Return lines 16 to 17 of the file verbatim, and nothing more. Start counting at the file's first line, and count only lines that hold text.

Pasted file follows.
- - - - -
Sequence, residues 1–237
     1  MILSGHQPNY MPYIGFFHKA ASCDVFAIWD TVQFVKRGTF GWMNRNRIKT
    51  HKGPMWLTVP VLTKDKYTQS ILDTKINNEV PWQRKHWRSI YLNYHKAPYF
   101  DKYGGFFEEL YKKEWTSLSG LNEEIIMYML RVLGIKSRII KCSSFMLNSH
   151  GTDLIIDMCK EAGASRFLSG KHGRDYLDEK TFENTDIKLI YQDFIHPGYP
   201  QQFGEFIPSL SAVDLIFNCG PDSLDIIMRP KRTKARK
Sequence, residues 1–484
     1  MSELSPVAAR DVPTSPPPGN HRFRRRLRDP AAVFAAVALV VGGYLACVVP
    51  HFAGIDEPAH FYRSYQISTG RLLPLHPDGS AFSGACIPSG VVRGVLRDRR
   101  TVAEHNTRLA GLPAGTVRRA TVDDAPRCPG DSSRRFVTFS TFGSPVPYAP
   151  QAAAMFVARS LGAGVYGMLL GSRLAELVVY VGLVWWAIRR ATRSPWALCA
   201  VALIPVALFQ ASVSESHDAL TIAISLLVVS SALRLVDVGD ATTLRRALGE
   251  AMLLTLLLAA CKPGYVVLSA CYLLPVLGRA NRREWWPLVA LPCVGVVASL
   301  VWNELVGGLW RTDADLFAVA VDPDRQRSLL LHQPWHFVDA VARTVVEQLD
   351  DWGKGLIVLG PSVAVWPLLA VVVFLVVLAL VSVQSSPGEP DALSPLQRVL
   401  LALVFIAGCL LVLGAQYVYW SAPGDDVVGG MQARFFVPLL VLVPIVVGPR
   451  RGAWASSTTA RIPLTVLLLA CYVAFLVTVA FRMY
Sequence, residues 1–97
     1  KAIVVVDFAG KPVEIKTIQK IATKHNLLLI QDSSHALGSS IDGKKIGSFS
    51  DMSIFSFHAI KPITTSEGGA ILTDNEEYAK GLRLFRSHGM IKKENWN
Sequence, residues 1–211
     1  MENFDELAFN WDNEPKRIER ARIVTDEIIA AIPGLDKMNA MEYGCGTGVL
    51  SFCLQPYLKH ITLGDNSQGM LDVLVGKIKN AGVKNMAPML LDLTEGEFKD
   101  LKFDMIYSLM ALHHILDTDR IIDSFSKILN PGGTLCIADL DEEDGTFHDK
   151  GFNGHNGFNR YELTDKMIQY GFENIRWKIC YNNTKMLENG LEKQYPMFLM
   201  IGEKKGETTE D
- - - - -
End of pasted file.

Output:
   401  LALVFIAGCL LVLGAQYVYW SAPGDDVVGG MQARFFVPLL VLVPIVVGPR
   451  RGAWASSTTA RIPLTVLLLA CYVAFLVTVA FRMY